Despite an estimated 1 million case of human T-lymphotropic virus type I (HTLV-I) infection worldwide, and over 197,000 cases of infection with HTLV-II in the United States, the clinical outcomes and pathogenesis of HTLV-I and -II infection are still not well defined. Data from the previous funding period of this HTLV Outcomes Study (HOST) indicate that HTLV-II predisposes to pneumonia, bronchitis and arthritis, causes a myelopathy similar to HTLV-I associated myelopathy (HAM), and is associated with increased all-cause mortality. HTLV-I has previously been associated with adult T-cell leukemia (ATL), HAM and arthritis, uveitis and iritis. These pulmonary, neurologic and immunologic syndromes have not been well characterized clinically or biologically, especially for HTLV-II. This Competing Continuation Project will test the following hypotheses: 1. Infection with HTLV-II, and to a lesser degree HTLV-I, predisposes to pneumonia and bronchitis because of HTLV-induced, immune-mediated pulmonary damage. 2. HTLV-II causes myelopathy resembling HTLV-I associated myelopathy (HAM) via similar mechanisms immune-mediated neurotoxicity. 3. HTLV-II, and perhaps HTLV-I, is associated with increased mortality, perhaps due to a higher death rate from malignant and/or cardiovascular causes. 4. HTLV-I and -II are associated with a higher incidence of arthritis and other autoimmune conditions. We shall test these hypotheses during additional prospective investigation of the HOST cohort of 154 HTLVI, 387 HTLV-II and 799 stratum matched seronegative former blood donors enrolled in 1990-92. 6 biennial visits of this cohort have been completed to date. This application proposes 2 additional visits from 2005 through 2009, including structured health interviews, screening physical examinations, medical record review and targeted physician diagnostic work-ups. Blood will be collected from all subjects, and bronchoalveolar lavage fluid and cerebrospinal fluid from subsets with disease, for studies of HTLV virology and immunology.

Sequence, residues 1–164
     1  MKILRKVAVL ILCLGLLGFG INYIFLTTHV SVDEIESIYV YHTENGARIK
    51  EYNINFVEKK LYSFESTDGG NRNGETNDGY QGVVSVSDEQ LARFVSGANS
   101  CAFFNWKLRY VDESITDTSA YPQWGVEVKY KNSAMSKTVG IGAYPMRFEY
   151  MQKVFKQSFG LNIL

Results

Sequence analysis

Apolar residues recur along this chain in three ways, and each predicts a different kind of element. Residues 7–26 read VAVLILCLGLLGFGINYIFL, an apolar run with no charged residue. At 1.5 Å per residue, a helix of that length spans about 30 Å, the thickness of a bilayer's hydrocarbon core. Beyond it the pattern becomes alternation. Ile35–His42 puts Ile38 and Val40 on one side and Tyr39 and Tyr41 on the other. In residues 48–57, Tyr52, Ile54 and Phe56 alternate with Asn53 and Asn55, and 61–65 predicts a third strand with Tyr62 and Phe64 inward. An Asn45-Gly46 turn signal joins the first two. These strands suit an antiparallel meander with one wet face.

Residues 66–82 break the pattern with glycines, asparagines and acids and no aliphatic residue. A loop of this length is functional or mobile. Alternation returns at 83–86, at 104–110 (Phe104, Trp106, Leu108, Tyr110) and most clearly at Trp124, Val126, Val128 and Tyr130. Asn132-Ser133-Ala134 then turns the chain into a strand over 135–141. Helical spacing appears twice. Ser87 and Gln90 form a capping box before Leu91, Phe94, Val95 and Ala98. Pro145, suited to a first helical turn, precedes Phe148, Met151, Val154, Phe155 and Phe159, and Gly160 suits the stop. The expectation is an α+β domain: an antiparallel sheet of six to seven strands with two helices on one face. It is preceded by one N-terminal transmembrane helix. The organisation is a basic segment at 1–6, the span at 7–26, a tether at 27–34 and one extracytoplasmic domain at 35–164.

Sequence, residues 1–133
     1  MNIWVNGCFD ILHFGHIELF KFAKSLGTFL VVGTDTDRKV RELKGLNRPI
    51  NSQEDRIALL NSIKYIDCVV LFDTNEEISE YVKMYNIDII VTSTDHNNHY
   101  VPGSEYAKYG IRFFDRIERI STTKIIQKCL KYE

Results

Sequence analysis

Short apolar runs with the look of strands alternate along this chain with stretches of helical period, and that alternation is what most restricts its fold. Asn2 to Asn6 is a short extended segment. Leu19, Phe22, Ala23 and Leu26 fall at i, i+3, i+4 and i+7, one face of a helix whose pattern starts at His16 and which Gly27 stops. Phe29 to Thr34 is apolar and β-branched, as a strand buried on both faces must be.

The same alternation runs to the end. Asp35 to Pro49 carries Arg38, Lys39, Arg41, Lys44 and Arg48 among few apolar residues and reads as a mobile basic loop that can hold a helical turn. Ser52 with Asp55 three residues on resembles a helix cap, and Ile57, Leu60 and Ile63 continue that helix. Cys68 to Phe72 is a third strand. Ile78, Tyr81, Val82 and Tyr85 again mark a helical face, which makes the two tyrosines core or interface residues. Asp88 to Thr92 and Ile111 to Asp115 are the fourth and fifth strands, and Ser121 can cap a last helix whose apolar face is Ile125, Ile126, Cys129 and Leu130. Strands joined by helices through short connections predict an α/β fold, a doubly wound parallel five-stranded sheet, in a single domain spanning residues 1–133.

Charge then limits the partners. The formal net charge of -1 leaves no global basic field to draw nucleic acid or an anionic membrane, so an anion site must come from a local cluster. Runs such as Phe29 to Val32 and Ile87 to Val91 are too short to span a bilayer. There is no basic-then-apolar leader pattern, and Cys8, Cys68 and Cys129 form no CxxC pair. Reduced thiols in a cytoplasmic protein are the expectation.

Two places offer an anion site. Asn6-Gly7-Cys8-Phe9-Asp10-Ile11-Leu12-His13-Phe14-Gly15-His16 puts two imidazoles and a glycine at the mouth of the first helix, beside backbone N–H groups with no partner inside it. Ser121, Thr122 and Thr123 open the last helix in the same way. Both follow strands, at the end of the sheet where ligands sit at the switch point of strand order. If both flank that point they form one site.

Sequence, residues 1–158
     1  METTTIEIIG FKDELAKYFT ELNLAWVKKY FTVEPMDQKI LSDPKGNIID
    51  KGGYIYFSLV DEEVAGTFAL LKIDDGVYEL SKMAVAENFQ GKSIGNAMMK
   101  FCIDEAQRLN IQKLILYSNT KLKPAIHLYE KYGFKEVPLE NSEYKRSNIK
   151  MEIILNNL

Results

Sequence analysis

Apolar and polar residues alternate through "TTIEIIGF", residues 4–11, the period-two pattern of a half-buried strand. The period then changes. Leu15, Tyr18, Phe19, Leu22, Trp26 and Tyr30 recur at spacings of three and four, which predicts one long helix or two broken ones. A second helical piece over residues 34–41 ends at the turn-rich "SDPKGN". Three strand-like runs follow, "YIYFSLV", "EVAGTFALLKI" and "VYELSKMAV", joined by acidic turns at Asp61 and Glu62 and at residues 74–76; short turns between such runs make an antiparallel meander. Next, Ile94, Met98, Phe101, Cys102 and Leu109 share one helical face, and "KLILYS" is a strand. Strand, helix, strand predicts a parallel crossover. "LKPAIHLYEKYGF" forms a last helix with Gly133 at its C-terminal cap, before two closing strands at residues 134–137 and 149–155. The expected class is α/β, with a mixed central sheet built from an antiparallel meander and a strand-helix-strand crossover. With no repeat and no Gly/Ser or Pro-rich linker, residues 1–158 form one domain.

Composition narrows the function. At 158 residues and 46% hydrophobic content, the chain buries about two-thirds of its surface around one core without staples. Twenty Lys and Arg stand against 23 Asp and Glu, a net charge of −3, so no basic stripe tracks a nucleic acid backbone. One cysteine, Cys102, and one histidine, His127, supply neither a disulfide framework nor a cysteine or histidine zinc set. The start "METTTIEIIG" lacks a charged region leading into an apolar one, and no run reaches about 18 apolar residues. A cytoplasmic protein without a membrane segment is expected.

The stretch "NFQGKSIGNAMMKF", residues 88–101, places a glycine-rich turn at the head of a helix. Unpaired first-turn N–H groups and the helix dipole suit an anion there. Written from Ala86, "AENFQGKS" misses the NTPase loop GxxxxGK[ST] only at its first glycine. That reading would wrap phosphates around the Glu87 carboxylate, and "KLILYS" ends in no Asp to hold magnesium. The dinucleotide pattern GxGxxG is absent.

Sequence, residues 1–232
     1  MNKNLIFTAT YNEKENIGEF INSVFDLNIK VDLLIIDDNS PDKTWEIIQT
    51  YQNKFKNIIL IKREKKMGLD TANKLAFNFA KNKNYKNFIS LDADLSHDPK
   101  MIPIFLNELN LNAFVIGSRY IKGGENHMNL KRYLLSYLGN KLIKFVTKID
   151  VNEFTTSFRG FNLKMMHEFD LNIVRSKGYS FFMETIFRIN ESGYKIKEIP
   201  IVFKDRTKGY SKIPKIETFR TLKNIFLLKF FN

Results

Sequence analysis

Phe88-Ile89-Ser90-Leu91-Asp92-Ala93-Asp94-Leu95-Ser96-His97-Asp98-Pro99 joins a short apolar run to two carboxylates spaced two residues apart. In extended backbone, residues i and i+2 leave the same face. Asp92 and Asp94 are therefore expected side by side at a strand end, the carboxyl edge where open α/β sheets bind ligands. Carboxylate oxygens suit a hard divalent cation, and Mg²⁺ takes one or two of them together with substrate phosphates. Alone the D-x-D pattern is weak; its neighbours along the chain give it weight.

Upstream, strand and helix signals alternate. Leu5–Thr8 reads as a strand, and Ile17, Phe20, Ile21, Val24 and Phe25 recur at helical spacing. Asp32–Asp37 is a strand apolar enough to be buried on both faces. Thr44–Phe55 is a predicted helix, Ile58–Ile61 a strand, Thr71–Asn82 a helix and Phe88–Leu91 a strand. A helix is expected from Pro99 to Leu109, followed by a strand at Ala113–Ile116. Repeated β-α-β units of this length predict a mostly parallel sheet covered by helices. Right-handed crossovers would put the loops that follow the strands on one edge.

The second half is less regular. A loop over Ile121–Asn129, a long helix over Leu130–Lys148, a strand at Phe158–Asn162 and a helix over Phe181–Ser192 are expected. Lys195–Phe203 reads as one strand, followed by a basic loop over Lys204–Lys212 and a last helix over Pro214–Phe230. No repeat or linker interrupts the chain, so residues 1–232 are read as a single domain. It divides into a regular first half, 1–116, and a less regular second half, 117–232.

National Institute of Health (NIH)
National Heart, Lung, and Blood Institute (NHLBI)
Research Project (R01)
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Study Section
Special Emphasis Panel (ZRG1-HOP-N (90))
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Barbosa, Luiz H
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University of California San Francisco
Schools of Medicine
San Francisco
United States
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